If you have a young horse that is destined to a life of jumping, or if you are looking to sell a young, unstarted horse, free jumping is an excellent way not only to evaluate your horse’s potential over fences, but also to give him a head start into the world of jumping.
Free jumping is the process in which you ask your horse to jump over one or more jumps when working free in the arena. While this can be done with nothing more than a single jump along the side of the arena, it is better to set up a jumping chute to prevent refusals.
A free jumping chute can be as long or short as you want, but ideally it should cover the length of the long side of your arena. The chute should be as wide as your jump poles, generally 10-12’ in width. The entrance of the chute should be open so that you can either lead your horse into the chute, or allow the horse to enter the chute freely. The exit can either be open, so that your horse may exit freely to continue jumping, or it can be closed (usually against the end wall of your arena) so that you can catch your horse and lead him back to the entrance of the chute.
Within the chute, a horse can be asked to jump a single jump, or a series of jumps designed to improve his form or test his jumping ability. Usually you would start out with something simple such as a pole on the ground, and then you would progress to more complicated combinations of jumps.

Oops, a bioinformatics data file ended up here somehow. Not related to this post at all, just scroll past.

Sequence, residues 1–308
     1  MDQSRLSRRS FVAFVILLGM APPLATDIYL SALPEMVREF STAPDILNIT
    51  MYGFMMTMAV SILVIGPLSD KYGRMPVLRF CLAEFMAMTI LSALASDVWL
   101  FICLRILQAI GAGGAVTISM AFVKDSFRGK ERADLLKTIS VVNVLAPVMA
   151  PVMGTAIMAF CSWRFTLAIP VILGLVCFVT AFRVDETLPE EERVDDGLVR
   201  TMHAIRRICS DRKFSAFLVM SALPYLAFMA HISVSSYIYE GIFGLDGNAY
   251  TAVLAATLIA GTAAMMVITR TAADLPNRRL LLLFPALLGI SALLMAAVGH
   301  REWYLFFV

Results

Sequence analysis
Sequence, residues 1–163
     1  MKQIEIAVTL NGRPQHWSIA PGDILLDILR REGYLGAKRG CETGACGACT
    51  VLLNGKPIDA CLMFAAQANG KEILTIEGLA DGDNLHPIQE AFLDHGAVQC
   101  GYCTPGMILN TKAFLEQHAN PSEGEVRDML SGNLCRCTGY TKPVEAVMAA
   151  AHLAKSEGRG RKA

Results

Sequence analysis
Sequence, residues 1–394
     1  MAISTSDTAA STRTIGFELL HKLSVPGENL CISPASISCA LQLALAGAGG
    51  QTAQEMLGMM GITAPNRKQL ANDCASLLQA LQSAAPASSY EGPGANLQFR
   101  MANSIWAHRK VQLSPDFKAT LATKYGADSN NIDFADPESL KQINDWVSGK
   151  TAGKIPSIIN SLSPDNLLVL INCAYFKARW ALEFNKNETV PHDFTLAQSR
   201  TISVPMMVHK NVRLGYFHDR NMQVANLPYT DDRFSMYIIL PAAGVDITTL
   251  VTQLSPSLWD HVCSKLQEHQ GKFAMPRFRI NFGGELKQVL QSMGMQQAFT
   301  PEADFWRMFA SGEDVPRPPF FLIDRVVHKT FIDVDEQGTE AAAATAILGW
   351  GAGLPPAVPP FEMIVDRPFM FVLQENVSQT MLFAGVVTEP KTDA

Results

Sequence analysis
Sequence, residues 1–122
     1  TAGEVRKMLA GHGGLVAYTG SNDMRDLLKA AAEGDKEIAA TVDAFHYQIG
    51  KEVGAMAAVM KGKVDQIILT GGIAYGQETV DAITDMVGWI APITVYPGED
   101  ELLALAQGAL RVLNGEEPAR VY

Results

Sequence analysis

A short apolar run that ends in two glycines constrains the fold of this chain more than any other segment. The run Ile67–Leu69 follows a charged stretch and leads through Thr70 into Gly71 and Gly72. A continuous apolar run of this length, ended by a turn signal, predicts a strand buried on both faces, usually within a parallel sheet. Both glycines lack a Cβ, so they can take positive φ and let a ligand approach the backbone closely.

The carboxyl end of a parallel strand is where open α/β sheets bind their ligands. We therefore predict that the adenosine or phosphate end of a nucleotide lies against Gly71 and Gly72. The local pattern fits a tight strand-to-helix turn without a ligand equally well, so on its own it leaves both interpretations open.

There are many benefits to free jumping your horse. For young horses, it is a great way to build their confidence over fences before you even try to jump under saddle. By gradually building the fences, you can teach him that he is capable of jumping bigger jumps and more difficult combinations that he would normally have tried. With the side of the chute preventing him from running out, he is forced to face the jumps ahead of him. The trainer insists that the horse goes forward, so that refusal is not an option; in this way he becomes an honest jumper even before you get on his back.
You can also use free jumping to evaluate your horse’s natural talent over fences. Because there is no rider to mess up his concentration or adjust his jump, your horse has the chance to jump naturally. While at first, he may not show a lot of ability, with practice many horses greatly improve their jump and become quite efficient in the chute.
Once you progress to jumping under saddle, your horse already had the confidence to jump small fences. In fact, since you will be starting with smaller fences under saddle than you used in the chute, you rarely have problems with refusals or other confidence issues that green horses generally show when jumping under saddle for the first time.
There are some drawbacks though. If you horse tends to race through the chute, or has a bad experience, it can cause difficulties once jumping under saddle. He may also fall into bad habits, jumping from bad distances or compensating in ways that are difficult to correct. If you see signs of this, it is important to either correct the problem in the chute, or stop free jumping until you can make corrections under saddle.
A horse can start free jumping as young as a year old. As long as the sessions are short and you don’t push the height of the fences, your young horse should be able to manage without difficulty. It is also important to avoid too many sessions through the season. A yearling should only free jump once or twice a month, if that. As you horse gets older, you can add a bit more height and train more often. By three, your horse should be able to manage heights up to 4’ and train 3-4 times a week.
As with any training, be careful to watch your horse’s progress. Avoid pushing him too far, too fast. Don’t repeat the same exercise too often, or you could burn him out. Free jumping can be an excellent training exercise, but should be treated with care.